Hardly any of the millions of euros given by UNHRC and EU for the refugees is visible on the island of Lesvos. At the arrival points, for example, until two months ago there were two camps operating. The first by a grassroots anarchist organization called ‘Platanos’ and the other by a small Swedish NGO-in-the-making called ´Lighthouse’. These groups provide rescue teams, receiving teams, medical aid groups, cooking groups, logistics and distribution of clothing, hospitality, interpreters and transportation. These services were not provided by the specialised and salaried staff of the large organizations. But they are delivered successfully by people who have no motivation other than to help the less privileged or who believe that the right to mobility should belong to all. Without these activists rescuing sinking dingy-boats and treating hypothermia at the arrival point, the casualties would have been higher. Nevertheless, although for now there is little sign of exhaustion, there is no guarantee that volunteers will have the stamina or resources to continue. Some of these grassroots activists have been there for many months, sleeping in tents and working day and night.

In many cases on Lesvos, refugees have asked the anarchists of Platanos whether they are the UN, simply because the UN is not visible. By the time they reach Idomeni on the sealed-off Macedonian-Greek border where the No Borders-style ADM kitchen currently serves 8000 meals a day, most refugees have learned this lesson. As a refugee in Idomeni summed it up perfectly with reference to a large NGO ‘operating’ in the area: “First they turn on the camera and then they help, to get the money. When the camera runs out of its battery, they go back to the office”.

As the EU-Turkey summit got under way, a self-organised call for goods that will be delivered to refugees who are sleeping and walking all across the country or who find themselves stuck on the Greek-Macedonian border, brought around 30,000 people together on Athens’ Syntagma Square, with contributions in tons of the products requested by the organisers, including thousands of tents, sleeping bags, food etc. Meanwhile over 100 self-organised points collecting goods for the refugees are operating all around Greece.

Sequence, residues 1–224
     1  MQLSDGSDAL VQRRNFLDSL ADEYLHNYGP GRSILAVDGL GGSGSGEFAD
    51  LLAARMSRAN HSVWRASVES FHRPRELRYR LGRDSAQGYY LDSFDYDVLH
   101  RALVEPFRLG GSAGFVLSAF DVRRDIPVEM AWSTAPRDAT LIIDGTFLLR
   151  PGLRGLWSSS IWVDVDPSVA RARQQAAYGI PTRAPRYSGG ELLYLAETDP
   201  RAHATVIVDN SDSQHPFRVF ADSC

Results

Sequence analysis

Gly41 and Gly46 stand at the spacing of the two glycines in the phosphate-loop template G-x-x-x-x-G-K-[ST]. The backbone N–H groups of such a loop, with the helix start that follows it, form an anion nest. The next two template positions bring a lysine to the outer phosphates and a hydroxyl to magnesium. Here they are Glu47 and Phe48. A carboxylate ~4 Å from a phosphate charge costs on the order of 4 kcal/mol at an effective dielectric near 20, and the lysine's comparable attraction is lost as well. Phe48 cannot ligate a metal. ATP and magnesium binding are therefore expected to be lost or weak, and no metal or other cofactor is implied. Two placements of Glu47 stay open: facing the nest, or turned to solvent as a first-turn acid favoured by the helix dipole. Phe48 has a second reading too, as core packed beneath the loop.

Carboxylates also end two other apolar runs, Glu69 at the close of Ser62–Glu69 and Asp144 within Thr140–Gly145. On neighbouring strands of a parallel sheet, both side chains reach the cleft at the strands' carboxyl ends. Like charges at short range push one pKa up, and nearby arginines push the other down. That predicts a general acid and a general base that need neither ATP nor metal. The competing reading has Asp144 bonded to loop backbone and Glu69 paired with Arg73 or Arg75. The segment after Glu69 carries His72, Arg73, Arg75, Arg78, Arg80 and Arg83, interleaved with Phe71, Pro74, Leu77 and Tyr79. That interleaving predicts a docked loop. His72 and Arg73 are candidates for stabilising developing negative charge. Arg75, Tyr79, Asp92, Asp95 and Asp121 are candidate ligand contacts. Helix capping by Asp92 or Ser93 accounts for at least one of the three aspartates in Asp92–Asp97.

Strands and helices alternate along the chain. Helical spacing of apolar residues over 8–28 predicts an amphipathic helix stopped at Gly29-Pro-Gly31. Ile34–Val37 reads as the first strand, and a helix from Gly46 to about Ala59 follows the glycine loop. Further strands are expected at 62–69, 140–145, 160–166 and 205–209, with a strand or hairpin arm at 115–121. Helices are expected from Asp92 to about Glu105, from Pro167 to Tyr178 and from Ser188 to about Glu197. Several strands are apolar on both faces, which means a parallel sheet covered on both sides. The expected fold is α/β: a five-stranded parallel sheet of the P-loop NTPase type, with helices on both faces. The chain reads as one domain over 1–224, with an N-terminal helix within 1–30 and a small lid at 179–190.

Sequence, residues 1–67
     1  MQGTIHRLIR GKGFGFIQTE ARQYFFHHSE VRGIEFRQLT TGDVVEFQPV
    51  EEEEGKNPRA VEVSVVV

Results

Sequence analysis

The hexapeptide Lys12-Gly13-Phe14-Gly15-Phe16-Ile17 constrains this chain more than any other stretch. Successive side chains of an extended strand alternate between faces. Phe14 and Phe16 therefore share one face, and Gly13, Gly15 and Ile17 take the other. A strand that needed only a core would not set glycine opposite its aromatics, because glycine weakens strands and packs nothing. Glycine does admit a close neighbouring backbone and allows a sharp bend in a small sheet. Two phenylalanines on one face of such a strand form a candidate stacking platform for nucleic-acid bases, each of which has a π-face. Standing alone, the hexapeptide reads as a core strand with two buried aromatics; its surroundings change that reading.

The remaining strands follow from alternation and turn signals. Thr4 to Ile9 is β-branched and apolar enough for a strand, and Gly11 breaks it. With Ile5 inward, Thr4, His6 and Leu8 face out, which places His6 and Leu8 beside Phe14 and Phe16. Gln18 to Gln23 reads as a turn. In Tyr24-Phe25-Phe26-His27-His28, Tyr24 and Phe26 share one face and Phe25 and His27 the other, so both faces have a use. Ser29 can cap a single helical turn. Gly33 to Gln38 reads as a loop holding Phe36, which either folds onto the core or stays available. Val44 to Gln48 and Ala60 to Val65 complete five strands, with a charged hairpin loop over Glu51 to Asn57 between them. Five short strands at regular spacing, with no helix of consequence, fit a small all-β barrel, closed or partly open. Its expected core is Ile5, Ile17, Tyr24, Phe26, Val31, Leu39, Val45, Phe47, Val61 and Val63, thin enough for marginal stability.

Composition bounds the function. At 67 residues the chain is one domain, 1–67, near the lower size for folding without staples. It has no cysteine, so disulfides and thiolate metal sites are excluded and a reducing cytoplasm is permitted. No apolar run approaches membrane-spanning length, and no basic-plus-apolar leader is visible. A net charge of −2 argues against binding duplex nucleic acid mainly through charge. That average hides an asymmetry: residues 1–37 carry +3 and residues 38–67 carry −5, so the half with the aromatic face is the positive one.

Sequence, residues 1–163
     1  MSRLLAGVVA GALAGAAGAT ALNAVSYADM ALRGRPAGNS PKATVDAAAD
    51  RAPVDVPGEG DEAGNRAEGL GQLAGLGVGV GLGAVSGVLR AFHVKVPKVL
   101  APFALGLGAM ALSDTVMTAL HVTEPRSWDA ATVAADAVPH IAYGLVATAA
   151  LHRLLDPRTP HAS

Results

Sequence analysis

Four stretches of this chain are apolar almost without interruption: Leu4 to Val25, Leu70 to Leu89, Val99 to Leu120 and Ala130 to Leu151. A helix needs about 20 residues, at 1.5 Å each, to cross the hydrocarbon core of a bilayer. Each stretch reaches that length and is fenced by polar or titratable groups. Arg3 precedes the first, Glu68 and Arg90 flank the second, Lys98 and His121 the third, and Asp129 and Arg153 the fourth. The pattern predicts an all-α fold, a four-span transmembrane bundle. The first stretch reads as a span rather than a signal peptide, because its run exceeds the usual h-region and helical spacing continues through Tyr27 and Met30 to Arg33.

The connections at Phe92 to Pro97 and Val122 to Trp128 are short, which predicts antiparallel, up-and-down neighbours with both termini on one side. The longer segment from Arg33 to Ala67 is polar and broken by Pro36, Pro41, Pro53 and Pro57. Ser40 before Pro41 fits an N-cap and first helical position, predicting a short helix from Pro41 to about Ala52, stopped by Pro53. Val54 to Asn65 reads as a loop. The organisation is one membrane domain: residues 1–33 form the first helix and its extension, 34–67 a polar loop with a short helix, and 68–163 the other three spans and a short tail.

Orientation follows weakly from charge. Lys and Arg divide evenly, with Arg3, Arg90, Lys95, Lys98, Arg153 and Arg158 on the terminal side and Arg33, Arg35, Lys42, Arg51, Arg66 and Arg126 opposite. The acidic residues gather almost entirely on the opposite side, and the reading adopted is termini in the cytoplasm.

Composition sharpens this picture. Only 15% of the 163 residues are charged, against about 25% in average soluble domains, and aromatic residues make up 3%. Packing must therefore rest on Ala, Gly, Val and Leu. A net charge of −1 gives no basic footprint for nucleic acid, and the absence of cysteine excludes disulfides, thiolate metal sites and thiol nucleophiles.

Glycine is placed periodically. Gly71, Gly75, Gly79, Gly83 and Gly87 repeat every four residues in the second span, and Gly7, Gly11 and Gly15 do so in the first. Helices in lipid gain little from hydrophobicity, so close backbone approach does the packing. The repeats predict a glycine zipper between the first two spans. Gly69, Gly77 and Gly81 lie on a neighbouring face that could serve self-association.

Although the negotiations amongst the leaders of Europe are reducing this humanitarian issue to a matter of money and security, people still die on the waters of the Aegean. The aim of the EU is to keep refugees out of Europe. But this will not happen, regardless of how much money is ‘invested’ in it.

The question is whether the people of Europe will react at last to what is happening, or just keep watching the roll call of dead and starving children on our precious borders. Shortchanging our humanitarianism and our solidarity can only be bad news for all of us, refugees or not.

About the authors

Dimitris Dalakoglou is Professor of Social Anthropology at Vrije University Amsterdam. He held an ESRC Future Research Leaders grant for the project crisis-scapes.net and he studies the Greek borders and human mobility to/through Greece since 2003; he has been working on the so-called refugee crisis for the last few years.

Antonis Alexandrides is PhD researcher at Vrije University Amsterdam. He is currently carrying out his participatory research together with refugees on borders and in Lesbos, Idomeni and Athens and all along the road. He has worked within refugee solidarity organisations for several years in different European countries. He is the author of many papers on critical refugee studies.